Coronavirus.gov is a collective resource for updates from The White House, the Center of Disease Control & FEMA regarding the current situation of the novel coronavirus update in the U.S.
President Trump has unveiled Guidelines for Opening Up America Again, a three-phased approach based on the advice of public health experts. These steps will help state and local officials when reopening their economies, getting people back to work, and continuing to protect American lives.
This interim guidance is intended for organizers and staff responsiblehttps://www.cdc.gov/coronavirus/2019-ncov/community/index.html
for planning mass gatherings or large community events in the
United States. A mass gathering is a planned or spontaneous event
with a large number of people in attendance that could strain the
planning and response resources of the community hosting the
event, such as a concert, festival, conference, or sporting event.
Guidance specific to schools and childcare settings, institutions of
higher education, and community- and faith-based organizations can
be found on CDC’s website focused on prevention COVID-19 spread
- Suspected or Confirmed Cases of COVID-19 in the Workplace
- Reducing the Spread of COVID-19 in Workplaces
- Healthy Business Operations
- Cleaning and Disinfection in the Workplace
- Critical Infrastructure
- Additional Resources
During an infectious disease outbreak, such as the current outbreak of COVID-19, small business
owners must prepare for disruption in their business as well as prepare to protect their employees’
health and safety in the workplace.
These steps are recommended to protect employees
and prepare your business for disruption.
For more tips and information see the CDC Interim Guidance for Businesses and Employers
(https://www.cdc.gov/coronavirus/2019-ncov/community/guidance-business-response.html) and the OSHA
Guidance for Preparing Workplaces for COVID-19 (https://www.osha.gov/Publications/OSHA3990.pdf)
The purpose of this tool is to assist businesses in the food service industry, such as restaurants and bars, in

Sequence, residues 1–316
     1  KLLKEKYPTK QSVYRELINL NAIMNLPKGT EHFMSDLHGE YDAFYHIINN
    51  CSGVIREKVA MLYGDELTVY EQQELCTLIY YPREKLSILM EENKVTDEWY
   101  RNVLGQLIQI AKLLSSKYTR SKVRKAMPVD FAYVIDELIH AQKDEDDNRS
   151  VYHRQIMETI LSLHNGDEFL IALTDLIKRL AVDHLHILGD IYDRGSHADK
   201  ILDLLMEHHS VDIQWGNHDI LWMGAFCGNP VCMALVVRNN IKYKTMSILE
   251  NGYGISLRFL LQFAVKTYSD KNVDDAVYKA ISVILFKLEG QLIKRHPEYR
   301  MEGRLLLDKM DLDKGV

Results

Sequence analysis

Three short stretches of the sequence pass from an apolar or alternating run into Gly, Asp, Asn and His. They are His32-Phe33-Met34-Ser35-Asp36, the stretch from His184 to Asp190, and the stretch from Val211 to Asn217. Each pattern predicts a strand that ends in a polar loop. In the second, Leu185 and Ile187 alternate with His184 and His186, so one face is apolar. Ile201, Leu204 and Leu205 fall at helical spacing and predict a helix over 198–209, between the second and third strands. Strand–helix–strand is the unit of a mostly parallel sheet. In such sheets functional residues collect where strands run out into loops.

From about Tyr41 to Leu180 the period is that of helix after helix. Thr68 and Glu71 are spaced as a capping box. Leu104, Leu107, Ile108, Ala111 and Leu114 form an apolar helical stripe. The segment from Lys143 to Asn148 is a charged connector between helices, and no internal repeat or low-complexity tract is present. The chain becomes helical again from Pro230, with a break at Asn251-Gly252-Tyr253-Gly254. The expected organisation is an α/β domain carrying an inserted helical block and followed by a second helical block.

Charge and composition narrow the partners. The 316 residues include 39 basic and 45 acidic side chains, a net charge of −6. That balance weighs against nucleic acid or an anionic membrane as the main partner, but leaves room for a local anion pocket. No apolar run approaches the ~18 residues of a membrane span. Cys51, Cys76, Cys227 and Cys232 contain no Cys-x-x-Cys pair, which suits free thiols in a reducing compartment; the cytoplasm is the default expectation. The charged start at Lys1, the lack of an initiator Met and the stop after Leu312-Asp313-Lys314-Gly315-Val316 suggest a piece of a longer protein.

making (re)opening decisions during the COVID-19 pandemic. It is important to check with state and local
health officials and other partners to determine the most appropriate actions while adjusting to meet the
unique needs and circumstances of the local community.
When a novel virus with pandemic potential emerges,
nonpharmaceutical interventions, which will be called
community mitigation strategies in this document, often
are the most readily available interventions to help slow
transmission of the virus in communities. Community
mitigation is a set of actions that persons and communities
can take to help slow the spread of respiratory virus
infections. Community mitigation is especially important
before a vaccine or drug becomes widely available.
The following is a framework for actions which local and
state health departments can recommend in their
community to both prepare for and mitigate community
transmission of COVID-19 in the United States. Selection and
implementation of these actions should be guided by the
local characteristics of disease transmission, demographics,
and public health and healthcare system capacity.
“To ensure continuity of operations of essential functions, CDC advises that
critical infrastructure workers may be permitted to continue work following
potential exposure to COVID-19, provided they remain asymptomatic and
additional precautions are implemented to protect them and the community.”
DEVELOP YOUR PLAN
- DETERMINE WHAT NEEDS TO BE CLEANED.
- DETERMINE HOW AREAS WILL BE DISINFECTED.
- CONSIDER THE RESOURCES AND EQUIPMENT NEEDED.
- CLEAN VISIBLY DIRTY SURFACES WITH SOAP AND WATER
- USE THE APPROPRIATE CLEANING OR DISINFECTANT PRODUCT.
- ALWAYS FOLLOW THE DIRECTIONS ON THE LABEL.
MAINTAIN AND REVISE
- CONTINUE ROUTINE CLEANING AND DISINFECTION.
- MAINTAIN SAFE PRACTICES
- CONTINUE PRACTICES THAT REDUCE THE POTENTIAL FOR EXPOSURE.